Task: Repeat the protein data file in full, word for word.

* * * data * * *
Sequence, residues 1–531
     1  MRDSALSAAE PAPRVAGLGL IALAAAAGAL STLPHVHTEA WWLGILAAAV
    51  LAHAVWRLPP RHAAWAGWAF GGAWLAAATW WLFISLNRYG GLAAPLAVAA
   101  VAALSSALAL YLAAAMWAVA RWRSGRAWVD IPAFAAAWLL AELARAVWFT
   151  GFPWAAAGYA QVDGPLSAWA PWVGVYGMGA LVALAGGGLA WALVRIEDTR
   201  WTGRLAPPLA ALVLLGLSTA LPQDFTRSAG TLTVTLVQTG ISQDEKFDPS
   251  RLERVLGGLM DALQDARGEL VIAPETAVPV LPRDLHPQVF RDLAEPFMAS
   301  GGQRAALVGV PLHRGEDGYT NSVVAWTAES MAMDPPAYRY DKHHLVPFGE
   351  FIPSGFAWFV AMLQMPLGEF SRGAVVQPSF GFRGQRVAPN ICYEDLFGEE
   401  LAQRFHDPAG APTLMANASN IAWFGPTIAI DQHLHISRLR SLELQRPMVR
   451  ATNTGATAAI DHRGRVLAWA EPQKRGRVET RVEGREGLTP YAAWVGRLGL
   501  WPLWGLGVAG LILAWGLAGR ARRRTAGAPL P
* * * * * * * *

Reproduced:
Sequence, residues 1–531
     1  MRDSALSAAE PAPRVAGLGL IALAAAAGAL STLPHVHTEA WWLGILAAAV
    51  LAHAVWRLPP RHAAWAGWAF GGAWLAAATW WLFISLNRYG GLAAPLAVAA
   101  VAALSSALAL YLAAAMWAVA RWRSGRAWVD IPAFAAAWLL AELARAVWFT
   151  GFPWAAAGYA QVDGPLSAWA PWVGVYGMGA LVALAGGGLA WALVRIEDTR
   201  WTGRLAPPLA ALVLLGLSTA LPQDFTRSAG TLTVTLVQTG ISQDEKFDPS
   251  RLERVLGGLM DALQDARGEL VIAPETAVPV LPRDLHPQVF RDLAEPFMAS
   301  GGQRAALVGV PLHRGEDGYT NSVVAWTAES MAMDPPAYRY DKHHLVPFGE
   351  FIPSGFAWFV AMLQMPLGEF SRGAVVQPSF GFRGQRVAPN ICYEDLFGEE
   401  LAQRFHDPAG APTLMANASN IAWFGPTIAI DQHLHISRLR SLELQRPMVR
   451  ATNTGATAAI DHRGRVLAWA EPQKRGRVET RVEGREGLTP YAAWVGRLGL
   501  WPLWGLGVAG LILAWGLAGR ARRRTAGAPL P